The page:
Coming to America image

Coming to America

On the basis of Andrew’s recommendation I’ve been reading Jonathan Haidt’s The Righteous Mind. I flew out to the States last Friday, and finished it on the plane, in between London Has Fallen (dire, but some nice shots of the capital), snoozing, and The Revenant (couldn’t suspend my imagination sufficiently to get past DiCapprio’s ‘please give me an Oscar for pulling this face’ face).

It took me a while to get through The Righteous Mind, not least because I kept getting diverted by the online psychological tests Haidt references. The Implicit Association Test was fairly brutal – turns out I’m more biased towards certain groups of people than I would want to be. I was happier with the results at YourMorals though – it seems I care more than liberals do about the things liberals care about, as well as more about the things conservatives do than do conservatives. Who knew.

It’s a rich book; a bit of a game-changer: and not so complicated as Andrew’s review made it sound (!). It is also four years old, so written before Obama’s second term of office, and way before the Clinton/Trump circus rolled into town. But the insights it offers are extremely helpful in the current context.

Towards the end of The Righteous Mind Haidt offers some analysis as to why American politics is so partisan, interestingly tracing it to the Civil Rights Act of 1964 – an Act that saw the American South switch from Democrat to Republican.

Before this realignment there had been liberals and conservatives in both parties, which made it easy to form bipartisan teams who could work together on legislative projects. But after the realignment, there was no longer any overlap…Nowadays the most liberal Republican is typically more conservative than the most conservative Democrat.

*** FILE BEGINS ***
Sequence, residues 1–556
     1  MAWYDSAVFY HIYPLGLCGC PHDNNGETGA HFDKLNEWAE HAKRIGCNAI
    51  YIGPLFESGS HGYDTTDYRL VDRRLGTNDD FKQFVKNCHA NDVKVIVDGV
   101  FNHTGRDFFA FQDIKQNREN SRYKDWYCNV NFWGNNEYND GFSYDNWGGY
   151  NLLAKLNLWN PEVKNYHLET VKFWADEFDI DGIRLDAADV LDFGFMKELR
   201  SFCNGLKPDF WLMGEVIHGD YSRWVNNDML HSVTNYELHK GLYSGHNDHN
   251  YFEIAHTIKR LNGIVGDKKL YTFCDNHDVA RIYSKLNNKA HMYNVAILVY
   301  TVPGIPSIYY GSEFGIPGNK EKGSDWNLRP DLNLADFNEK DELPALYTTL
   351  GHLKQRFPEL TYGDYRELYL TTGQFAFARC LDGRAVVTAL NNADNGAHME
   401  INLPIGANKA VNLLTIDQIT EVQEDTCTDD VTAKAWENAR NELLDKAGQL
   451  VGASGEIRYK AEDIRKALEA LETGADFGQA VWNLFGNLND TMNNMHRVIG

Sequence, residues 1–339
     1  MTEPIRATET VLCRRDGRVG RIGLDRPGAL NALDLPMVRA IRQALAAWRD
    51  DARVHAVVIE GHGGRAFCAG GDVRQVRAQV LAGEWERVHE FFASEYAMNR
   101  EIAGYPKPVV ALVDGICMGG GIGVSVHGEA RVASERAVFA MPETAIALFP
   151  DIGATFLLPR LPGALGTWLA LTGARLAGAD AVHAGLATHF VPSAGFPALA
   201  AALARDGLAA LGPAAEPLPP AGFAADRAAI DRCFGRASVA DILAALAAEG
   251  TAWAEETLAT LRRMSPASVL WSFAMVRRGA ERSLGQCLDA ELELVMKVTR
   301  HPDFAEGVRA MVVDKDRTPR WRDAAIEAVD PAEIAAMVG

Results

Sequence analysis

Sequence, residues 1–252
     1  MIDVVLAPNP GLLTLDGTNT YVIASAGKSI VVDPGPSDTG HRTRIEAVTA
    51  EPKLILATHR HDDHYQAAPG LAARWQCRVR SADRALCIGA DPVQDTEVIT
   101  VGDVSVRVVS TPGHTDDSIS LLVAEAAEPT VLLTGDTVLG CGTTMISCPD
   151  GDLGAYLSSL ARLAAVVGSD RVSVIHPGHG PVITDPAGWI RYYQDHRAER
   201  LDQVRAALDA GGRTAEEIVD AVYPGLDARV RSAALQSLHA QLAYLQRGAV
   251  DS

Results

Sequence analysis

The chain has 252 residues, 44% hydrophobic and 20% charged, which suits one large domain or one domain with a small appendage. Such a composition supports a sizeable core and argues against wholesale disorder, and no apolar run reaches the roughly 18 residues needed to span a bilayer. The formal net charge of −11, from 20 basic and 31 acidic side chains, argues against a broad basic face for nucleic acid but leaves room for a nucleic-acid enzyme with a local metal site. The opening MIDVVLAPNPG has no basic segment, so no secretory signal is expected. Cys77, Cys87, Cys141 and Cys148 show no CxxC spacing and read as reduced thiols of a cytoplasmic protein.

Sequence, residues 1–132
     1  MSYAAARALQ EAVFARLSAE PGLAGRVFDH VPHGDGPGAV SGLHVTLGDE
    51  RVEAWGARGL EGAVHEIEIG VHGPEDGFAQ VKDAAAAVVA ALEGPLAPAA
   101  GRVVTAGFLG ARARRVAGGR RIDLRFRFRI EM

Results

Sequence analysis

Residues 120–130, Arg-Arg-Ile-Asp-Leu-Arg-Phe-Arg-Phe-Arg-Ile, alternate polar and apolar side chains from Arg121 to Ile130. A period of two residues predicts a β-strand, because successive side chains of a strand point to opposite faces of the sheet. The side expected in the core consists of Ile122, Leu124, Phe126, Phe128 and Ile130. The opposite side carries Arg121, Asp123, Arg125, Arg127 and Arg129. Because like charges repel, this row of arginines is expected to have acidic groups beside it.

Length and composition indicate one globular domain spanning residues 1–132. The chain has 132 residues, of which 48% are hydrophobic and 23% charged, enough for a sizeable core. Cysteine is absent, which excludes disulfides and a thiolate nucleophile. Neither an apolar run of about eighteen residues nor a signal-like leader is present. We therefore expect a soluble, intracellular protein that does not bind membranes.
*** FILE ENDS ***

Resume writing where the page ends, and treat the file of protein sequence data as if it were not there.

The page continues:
American politics may be partisan, but Clinton and Trump are the parts no-one much wants. I’ve seen a few banners in support of Clinton since being here, and a few more for Trump, but very few overall. When I ask my friends who they intend to vote for the normal response is one of hands-over-the-face horror; and while queuing up for Texas barbeque I couldn’t elicit more thorough feedback from the stranger next in line. A combination of disbelief and embarrassment seems to be the majority view here.

I’m in North Carolina for a conference – a conference that kicked off with a talk reminding us of the sovereignty of God. That’s always a good topic to come back to, but especially at times when earthly rulers are at their most disappointing. It’s good to be reminded that God really is in control, and working out his plan. Kingdoms rise and fall, but the kingdom remains forever.

My hope for American politics would be a wholesale realignment of the Republican and Democrat parties: a realignment that diminishes some of the current partisanship and creates the space for more talented and moral presidential candidates to emerge. God knows, there are talented people of character aplenty in America – it’s just that either they can’t get to the top of the greasy poll, or (more likely?) don’t want to with things constituted as they currently are. Hoping for such a realignment may well be a forlorn hope. But I pray to a sovereign God.



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